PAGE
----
Summer of '76

About writing

Writing a novel is not necessarily a tidy process. I have paper and electronic notes stacked all over the place. Ideas don’t come in chronological order, but rather pop in at the most inconvenient times. Then they get captured quickly and later on turned into story fragments that eventually become chapters.

By now, almost the entire book is outlined, with a good level of detail. During this process, I frequently discover new developments that lead to changes in the already outlined parts. So it’s a process of going back and forth. Since it is a story with lots of locations, taking place in a limited and specified amount of time and with lots of schedules to consider, the outline becomes quite detailed. (Which also makes it an easy reference when I need to verify some little detail.)

About two thirds of the book exist as at least a first draft. Here too changes often happen to the parts that are already written, to keep continuity.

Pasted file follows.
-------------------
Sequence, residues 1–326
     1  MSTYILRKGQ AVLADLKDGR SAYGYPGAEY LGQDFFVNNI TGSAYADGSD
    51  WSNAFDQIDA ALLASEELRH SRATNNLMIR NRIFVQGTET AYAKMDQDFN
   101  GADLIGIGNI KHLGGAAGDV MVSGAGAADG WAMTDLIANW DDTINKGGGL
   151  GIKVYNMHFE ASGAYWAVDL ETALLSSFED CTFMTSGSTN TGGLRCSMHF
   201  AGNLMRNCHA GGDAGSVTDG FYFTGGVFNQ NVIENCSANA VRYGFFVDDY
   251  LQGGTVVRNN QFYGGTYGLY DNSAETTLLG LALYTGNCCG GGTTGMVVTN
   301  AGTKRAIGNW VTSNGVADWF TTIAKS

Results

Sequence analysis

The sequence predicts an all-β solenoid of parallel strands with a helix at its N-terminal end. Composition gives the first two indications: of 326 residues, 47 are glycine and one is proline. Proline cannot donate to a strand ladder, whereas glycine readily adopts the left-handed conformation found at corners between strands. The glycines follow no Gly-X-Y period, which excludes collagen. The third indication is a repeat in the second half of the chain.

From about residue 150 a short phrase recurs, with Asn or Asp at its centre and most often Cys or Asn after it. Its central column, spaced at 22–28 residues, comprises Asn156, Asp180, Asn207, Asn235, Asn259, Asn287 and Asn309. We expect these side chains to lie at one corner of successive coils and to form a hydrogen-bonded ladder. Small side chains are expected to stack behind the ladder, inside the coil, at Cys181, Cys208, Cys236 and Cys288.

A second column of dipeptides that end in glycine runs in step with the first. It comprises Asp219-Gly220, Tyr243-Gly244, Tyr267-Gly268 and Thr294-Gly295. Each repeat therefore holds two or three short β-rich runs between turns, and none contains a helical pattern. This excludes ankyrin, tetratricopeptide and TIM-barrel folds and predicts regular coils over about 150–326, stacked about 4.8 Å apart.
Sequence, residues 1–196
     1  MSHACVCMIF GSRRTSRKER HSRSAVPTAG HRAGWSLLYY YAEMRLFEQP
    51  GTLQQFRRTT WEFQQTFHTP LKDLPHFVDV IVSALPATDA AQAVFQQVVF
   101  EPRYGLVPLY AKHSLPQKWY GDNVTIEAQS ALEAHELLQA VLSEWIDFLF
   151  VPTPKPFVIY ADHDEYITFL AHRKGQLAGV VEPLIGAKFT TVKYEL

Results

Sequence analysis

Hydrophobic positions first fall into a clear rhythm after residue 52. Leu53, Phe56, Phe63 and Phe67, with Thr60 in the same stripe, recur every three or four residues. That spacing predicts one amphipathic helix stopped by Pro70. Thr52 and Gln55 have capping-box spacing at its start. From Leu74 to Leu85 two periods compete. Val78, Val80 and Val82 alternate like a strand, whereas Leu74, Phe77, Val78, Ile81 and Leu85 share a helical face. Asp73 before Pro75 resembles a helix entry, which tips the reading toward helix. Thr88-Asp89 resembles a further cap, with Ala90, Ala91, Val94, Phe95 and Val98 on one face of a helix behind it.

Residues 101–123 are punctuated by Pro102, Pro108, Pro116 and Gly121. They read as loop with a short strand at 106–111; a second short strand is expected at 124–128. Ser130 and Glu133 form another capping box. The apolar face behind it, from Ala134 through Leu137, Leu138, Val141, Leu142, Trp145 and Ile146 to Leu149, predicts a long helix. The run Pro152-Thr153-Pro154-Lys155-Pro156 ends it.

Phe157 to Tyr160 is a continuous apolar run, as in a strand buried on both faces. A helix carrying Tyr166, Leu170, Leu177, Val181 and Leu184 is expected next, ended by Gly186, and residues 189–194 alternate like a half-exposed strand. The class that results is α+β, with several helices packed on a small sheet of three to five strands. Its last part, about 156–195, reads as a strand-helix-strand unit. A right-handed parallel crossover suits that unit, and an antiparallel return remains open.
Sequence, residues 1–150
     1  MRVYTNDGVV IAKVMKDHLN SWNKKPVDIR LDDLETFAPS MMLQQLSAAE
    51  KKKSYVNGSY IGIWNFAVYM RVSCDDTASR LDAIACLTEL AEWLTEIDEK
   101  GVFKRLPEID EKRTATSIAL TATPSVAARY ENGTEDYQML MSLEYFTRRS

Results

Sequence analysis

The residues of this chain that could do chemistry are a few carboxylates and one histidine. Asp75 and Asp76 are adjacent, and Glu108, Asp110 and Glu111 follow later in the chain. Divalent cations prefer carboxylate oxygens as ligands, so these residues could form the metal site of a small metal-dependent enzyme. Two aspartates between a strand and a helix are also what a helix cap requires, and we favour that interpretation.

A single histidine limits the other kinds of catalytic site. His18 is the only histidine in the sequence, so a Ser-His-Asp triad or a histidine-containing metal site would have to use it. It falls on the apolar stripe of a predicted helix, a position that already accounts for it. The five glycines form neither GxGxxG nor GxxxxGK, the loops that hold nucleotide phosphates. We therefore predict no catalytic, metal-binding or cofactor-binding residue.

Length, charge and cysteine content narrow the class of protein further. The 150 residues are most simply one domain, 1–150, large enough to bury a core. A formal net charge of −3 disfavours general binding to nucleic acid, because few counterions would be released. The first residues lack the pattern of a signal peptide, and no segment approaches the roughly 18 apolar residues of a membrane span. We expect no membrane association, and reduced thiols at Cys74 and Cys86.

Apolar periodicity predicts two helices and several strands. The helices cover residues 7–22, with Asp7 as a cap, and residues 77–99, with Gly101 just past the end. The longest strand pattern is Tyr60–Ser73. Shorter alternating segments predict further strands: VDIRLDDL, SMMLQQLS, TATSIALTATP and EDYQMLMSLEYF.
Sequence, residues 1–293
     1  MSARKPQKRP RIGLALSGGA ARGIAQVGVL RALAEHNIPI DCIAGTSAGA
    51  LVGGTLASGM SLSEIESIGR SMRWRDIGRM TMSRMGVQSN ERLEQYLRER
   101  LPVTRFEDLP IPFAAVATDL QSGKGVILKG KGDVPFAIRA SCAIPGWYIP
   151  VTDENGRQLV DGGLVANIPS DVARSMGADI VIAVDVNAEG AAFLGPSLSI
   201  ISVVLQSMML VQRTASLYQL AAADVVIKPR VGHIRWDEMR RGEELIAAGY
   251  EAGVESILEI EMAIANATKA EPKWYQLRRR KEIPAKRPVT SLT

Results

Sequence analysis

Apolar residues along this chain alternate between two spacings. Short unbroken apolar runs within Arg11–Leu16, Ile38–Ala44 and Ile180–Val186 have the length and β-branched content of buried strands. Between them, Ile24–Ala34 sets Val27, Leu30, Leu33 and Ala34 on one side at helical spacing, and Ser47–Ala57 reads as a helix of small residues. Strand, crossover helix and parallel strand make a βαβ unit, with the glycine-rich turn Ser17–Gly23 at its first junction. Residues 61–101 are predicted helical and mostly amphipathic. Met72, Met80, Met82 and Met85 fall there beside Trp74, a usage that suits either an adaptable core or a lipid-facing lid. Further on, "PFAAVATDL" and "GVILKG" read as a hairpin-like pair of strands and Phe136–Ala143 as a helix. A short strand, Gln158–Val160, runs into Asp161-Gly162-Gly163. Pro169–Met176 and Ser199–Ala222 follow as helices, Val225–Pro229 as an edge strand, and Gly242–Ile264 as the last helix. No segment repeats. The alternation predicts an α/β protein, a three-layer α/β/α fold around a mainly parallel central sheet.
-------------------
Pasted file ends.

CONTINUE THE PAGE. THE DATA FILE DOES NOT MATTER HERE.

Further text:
In the actual writing process, I’ve pretty much started at the beginning and am working my way towards the ending. Although, the final chapter is already written, and there are some other skipped chapters that exist in outline, but for one reason or another didn’t get written yet.

Writer’s block hits us all at times and when that happens in one part of the story, I sometimes find that I do have the inspiration to move ahead with another part. That keeps the writing process moving forward, but does leave holes that I will have to go back and close later on.

In the end it is the steady process of writing on the story that keeps things moving forward. It’s a little like hanging out with a friend: the more time you spend together, the better you get to know each other.

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